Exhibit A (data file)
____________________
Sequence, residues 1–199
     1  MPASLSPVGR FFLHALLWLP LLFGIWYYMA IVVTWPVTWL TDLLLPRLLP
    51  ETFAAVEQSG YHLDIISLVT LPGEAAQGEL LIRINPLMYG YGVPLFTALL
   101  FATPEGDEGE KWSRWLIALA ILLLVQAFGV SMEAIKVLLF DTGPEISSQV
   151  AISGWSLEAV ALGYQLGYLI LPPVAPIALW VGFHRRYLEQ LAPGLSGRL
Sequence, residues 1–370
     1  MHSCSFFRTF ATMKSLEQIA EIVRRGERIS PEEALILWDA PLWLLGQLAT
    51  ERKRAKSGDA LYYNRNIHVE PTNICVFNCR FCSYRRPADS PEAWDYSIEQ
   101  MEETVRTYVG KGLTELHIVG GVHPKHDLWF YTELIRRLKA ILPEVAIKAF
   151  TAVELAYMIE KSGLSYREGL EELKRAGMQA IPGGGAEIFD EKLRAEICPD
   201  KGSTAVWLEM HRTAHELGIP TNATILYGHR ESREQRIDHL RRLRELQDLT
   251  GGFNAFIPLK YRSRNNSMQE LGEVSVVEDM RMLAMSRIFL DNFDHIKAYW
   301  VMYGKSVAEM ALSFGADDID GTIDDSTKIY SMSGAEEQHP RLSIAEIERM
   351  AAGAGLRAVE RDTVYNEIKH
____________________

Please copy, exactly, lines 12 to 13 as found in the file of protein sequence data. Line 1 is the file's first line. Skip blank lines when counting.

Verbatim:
   251  GGFNAFIPLK YRSRNNSMQE LGEVSVVEDM RMLAMSRIFL DNFDHIKAYW
   301  VMYGKSVAEM ALSFGADDID GTIDDSTKIY SMSGAEEQHP RLSIAEIERM